The drilling will not cause contamination to the local groundwater supplies. The core drilling method is a closed loop system and uses either entirely fresh water or fresh water mixed with specialised drilling fluid to facilitate the cooling of the drill bit and to lift rock cuttings away from the drill bit. The water used will be sourced from drinking water supplies. Due to the use of water, dust is not generated by the drilling. The water used for the drilling will be brought to site by bowser or sourced from local water supplies where possible and stored in a tank. The water, including any drilling fluids used, is recycled using a closed loop system, and returned to surface for re-use. Any waste (including drill cuttings) will be removed from site to licenced disposal sites. Very limited amounts of water (including a very low concentration of any drilling fluids) would likely be lost during the drilling process to the groundwater but these are non toxic
How will the boreholes be sealed/decommissioned?
The boreholes will be safely sealed immediately on completion. The wording of the GPDO, which is in line with accepted industry practice, requires a plug to be inserted in the borehole approx 1.6 metres below the surface and the hole capped with at least 1 metre of concrete, with topsoil above. However, some local residents have asked if the concrete infill can be increased, and we have listened carefully to their concerns. Accordingly, we will increase the cement infill above a Van Ruth plug to a minimum of 10 metres, with at least 0.5m of topsoil above the cement, to the surface. Under the applicable Environment Agency Guidance, each borehole should be assessed on a case by case basis however, and the decommissioning of boreholes is subject to any requirements of the Environment Agency. See also Answer to Question 11.
Could contaminated water come out of the boreholes at surface?
Given that drinking water will be used in the closed loop drilling process, and the method of capping the boreholes on completion, this will not happen. It is also worth remembering that:
(i) in the 1960s Camborne Tin Limited drilled seven exploration boreholes in the area, under a much less stringent regulatory framework than now applies. None of these boreholes has caused problems with water leaking in or out at surface;
(ii) in the 1960s and 1970s, one of the old mine workings was being used by the Water Board as a reservoir for drinking water for the area; and
(iii) we know that a number of local residents still obtain their drinking water from boreholes on their property, because they have written to let us know this.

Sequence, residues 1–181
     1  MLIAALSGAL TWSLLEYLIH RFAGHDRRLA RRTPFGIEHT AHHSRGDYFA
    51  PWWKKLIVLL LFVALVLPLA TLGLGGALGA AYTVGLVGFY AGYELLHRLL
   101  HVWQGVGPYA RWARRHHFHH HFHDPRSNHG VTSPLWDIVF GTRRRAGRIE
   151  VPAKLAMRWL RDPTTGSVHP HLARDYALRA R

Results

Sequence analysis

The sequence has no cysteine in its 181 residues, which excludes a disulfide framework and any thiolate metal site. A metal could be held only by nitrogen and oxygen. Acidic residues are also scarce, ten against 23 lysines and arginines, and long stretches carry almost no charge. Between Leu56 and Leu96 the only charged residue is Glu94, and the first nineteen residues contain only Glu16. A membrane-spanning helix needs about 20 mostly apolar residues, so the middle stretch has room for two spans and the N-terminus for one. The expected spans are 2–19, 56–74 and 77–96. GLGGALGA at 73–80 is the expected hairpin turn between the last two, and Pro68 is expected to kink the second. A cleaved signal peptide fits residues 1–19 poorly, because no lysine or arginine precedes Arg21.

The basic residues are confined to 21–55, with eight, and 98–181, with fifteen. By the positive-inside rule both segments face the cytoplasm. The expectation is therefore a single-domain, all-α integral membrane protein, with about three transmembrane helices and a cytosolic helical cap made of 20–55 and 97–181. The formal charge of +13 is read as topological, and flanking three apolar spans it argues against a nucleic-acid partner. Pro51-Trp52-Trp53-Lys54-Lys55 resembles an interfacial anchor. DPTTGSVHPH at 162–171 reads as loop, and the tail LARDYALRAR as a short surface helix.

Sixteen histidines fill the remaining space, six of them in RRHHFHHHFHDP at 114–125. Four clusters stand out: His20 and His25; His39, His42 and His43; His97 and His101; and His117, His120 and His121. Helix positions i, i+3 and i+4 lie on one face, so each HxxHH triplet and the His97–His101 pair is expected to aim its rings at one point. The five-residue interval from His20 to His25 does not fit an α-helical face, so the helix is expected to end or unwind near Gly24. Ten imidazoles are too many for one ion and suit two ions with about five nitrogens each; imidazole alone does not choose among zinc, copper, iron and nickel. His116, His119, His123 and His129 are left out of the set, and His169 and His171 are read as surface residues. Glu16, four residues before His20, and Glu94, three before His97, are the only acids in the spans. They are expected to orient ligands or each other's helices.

The elevation of all planned borehole collars (ie at surface) is significantly higher than the drainage level (adit) of all the mines being targeted within the exploration program. Therefore, in the unlikely event that drilling intersects an old mine void, the hydraulic head of any water within the void would not be great enough for the water to flow from the borehole collar. Our standard procedures for sealing /capping holes are summarised in the Answer to Question 10, and will result in a cap for each hole which is many times thicker than specified within the GPDO. In the highly unlikely event that water of any sort is intersected in a borehole that is under enough pressure to reach the collar of the hole a Van Ruth plug will be inserted as close as practically possible (within a few metres) above the source of the water and the entire hole will be filled with cement from that depth to 0.5m from surface.
Are you going to carry out a water sampling program?
Yes. We have started a water sampling program to understand the levels of contaminants within local water courses. Specific areas will be routinely sampled in order to establish the levels of contaminants over time. Further work has also begun to establish the exact levels of water within each of the historic mines. This information will inform future studies into the water and hydrogeological conditions within the mines.
Will the drilling cause any issues with subsidence?
Carleen is within an area of historical mining and as result there is already a risk of subsidence caused by the collapse of mine workings. The vast majority of subsidence affecting buildings and infrastructure is from very old and shallow mine workings caused by the migration of made ground or the failure of old caps such as timber or granite lintels. All of our boreholes have been positioned away from such features, as we do not want to intersect mineralised features that have already been mined. The boreholes will be drilled through a mixture of mainly unmineralised slates and granites which are very hard rocks. The possibility of the drilling causing any subsidence in the area is extremely low.